8 EXAMPLE B: Asbestos removal due to imminent threat Assumptions Assume the same facts as in the example above, except that after signing the contract for the asbestos removal in 2005 it was determined that the presence of asbestos tiles presented an imminent threat to the health of employees and temporarily closed the building to remove all asbestos tiles. Asbestos removal commenced in late 2005 and was completed in early Reporting The determination that the asbestos created an imminent threat to public health, causing building closure, is an obligating event. At that time, the agency should record a pollution remediation liability and expense for the expected outlay for the entire remediation project ($198,000). The liability would be reduced as remediation services were provided and any amounts remaining at year-end would be reported in the financial statements. The agency would disclose, for example, that it was "compelled to remove the asbestos because it presented an imminent threat to the health of the customers and employees, that "the amount of the liability is derived from a construction contract," and that "the amount assumes no unexpected change orders." Additionally, the agency may need to disclose the amount of its estimated liability or liabilities (if not apparent from the financial statements). Q23 Provide an example of outlays that are capitalized, not expensed. EXAMPLE C: Leaking underground storage tanks acquired in road expansion project Pollution remediation is not primary purpose or acquisition Assumptions As part of a road expansion project, the Department of Transportation (DOT) acquires a truck stop through eminent domain. Based on the age of the facility, the department suspects that in addition to the 6 known underground storage tanks, there may be several undocumented tanks as well. DOT assumes pollution is present and less for the property than if it was pollution free. As part of the sale, DOT assumes all remediation obligations. The road expansion project is expected to result in incremental outlays attributable to remediation activities. When the truck stop is razed and the underground tanks removed, several leaks were discovered upon removal of the tanks. State law requires such leaks to be reported to the state environmental regulator. Agency officials are aware that the environmental regulator will require cleanup action and do not wait for official notification. Clean up of the site commences to keep the road project on schedule. Based on experience with similar sites, engineers believe a reasonable estimate of the range and probabilities of current incremental cleanup outlays is as follows: Cost Probability Amount Best case $150,000 25% $ 37,500 Most likely 320,000 60% 192,000 Worst case 450,000 15% 67,500 $297,000 Including the remediation outlay in the remainder of that part of the roadway expansion project, will not exceed the amount originally expected to be necessary to complete that part of the road expansion. Reporting An obligating event occurred when the tanks were removed and leaks were discovered. Aware that it will be named as a responsible party for pollution remediation, the DOT begins remediation to avoid unnecessary delays in the project. The incremental expected outlay for the remediation is determined to be $297,000 (see chart above). Because the incremental outlay is to prepare property acquired with suspected pollution that was expected to be remediated, the remediation cost is capitalized. No pollution liability or expense is accrued on this site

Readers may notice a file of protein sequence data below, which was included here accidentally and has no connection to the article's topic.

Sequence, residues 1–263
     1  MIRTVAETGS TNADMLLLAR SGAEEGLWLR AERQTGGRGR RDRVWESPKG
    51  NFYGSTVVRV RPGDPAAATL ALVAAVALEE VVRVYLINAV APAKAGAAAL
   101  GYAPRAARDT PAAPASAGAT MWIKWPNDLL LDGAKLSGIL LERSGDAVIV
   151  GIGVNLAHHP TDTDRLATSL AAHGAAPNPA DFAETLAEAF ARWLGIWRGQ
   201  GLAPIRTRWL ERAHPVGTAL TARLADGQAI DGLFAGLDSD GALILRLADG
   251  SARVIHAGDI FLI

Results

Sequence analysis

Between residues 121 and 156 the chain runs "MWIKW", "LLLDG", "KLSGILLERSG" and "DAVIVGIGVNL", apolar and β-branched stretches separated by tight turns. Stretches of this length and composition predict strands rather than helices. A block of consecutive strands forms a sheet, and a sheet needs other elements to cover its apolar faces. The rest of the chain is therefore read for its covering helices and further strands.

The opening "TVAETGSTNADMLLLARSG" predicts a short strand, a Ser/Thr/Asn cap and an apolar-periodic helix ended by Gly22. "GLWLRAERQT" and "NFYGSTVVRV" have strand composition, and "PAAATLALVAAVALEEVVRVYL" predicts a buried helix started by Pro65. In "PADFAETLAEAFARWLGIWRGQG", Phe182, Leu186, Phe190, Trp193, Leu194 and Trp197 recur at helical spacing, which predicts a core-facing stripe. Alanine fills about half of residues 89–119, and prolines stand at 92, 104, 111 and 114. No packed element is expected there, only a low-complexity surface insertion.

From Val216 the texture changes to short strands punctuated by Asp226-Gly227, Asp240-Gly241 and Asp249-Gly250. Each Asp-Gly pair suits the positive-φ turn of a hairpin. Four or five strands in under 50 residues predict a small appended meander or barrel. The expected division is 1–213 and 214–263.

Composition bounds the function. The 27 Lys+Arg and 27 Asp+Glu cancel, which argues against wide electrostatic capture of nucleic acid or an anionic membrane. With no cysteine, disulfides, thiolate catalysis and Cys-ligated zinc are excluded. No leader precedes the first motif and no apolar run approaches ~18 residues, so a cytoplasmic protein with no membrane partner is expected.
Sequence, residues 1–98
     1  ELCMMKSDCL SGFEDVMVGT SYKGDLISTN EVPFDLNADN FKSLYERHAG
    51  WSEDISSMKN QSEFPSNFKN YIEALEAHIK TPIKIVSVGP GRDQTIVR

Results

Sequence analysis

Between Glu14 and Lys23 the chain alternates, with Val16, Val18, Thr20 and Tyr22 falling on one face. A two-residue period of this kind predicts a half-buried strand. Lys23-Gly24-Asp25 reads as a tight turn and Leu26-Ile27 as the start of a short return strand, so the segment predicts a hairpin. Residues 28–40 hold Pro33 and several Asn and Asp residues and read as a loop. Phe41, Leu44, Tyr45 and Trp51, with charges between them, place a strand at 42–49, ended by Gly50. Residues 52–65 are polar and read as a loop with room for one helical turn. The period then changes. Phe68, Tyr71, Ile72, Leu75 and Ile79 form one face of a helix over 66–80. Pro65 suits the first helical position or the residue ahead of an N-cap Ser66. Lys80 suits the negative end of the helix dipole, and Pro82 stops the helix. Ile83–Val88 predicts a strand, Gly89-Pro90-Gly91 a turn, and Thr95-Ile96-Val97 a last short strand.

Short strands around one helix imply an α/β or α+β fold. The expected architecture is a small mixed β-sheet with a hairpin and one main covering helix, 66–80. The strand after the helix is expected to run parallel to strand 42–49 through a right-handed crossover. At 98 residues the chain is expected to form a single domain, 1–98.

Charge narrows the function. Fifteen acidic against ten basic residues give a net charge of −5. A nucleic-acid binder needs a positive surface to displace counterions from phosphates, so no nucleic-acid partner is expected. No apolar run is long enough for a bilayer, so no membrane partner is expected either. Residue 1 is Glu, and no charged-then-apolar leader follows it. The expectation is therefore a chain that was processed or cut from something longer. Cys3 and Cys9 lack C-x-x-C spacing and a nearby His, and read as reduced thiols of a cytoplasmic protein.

9 Q24 Provide an example of a brownfields remediation. EXAMPLE D: Brownfield Remediation Assumptions In an effort to revitalize downtown, Zee City purchases vacant buildings and properties, performs pollution remediation, and resells the buildings and property. State law requires the owner of polluted property to take appropriate action to remediate the pollution. In 2004, Zee City performed a site assessment for a site with a building. Engineers determined it would cost between $100,000 and $130,000 to clean the site. No amounts within the range were considered to be better estimates than any other amounts. In late 2004, the city entered into an agreement with the property owner and a prospective buyer for the city to purchase the property for $80,000, perform pollution remediation, and sell the property to the buyer for $175,000. The property was purchased that year and placed the remediation work out for bid. Bids were received in early The low bid, $125,000, was accepted; remediation work commenced and was completed in State regulations required the city to notify the state s environmental quality department of the site assessment results and the transfer of title to the city. Based on the results of the site assessment, the city was aware that the level of pollution was such that the state environmental quality department would require remediation of the pollution. Reporting 2004 This example illustrates two obligating events. Zee City voluntarily obligated itself to start remediation when it purchased the property in At that time, Zee City became aware that it would be named as a responsible party for pollution remediation, which is measured at its expected outlay. The expected outlay amounts to $115,000, or the weighted average of the estimated range of cleanup outlays (($100,000 + $130,000)/2). The purchase price and expected remediation outlays for the property ($80,000 + $115,000) exceed the fair value ($175,000) by $20,000. Amounts in excess of fair value are not capitalized so a pollution remediation liability and expense of $20,000 should be recorded in No accounting entry needed to be made for the amount of expected pollution remediation outlays that would be capitalized because those outlays do not meet the criteria for recognition until incurred. Zee City would provide a general description of its brownfield remediation program and disclose that "state law requires the city to perform pollution remediation upon acquisition of the property because of the level of pollution." Additionally, the city should disclose that "the liability was measured by estimating a reasonable range of potential outlays and multiplying those outlays by their probability of occurring." Separate disclosure of the estimated liability or liabilities must also be included if not apparent from the financial statements Expected outlays rise to $125,000 (the bid for the remediation work). This $10,000 increase is in excess of the fair value of the property and, therefore, is recorded as an increase in the remediation liability and expense. Depending on the city's policy, the first progress billings from the contractor reduce the remediation liability, create a capital asset, or are ratably applied to both. The disclosures would be updated for the current year. For example, the city could disclose that "the liability is measured at the cost of the remediation contract" and that "the amount assumes no unexpected change orders." - 9 -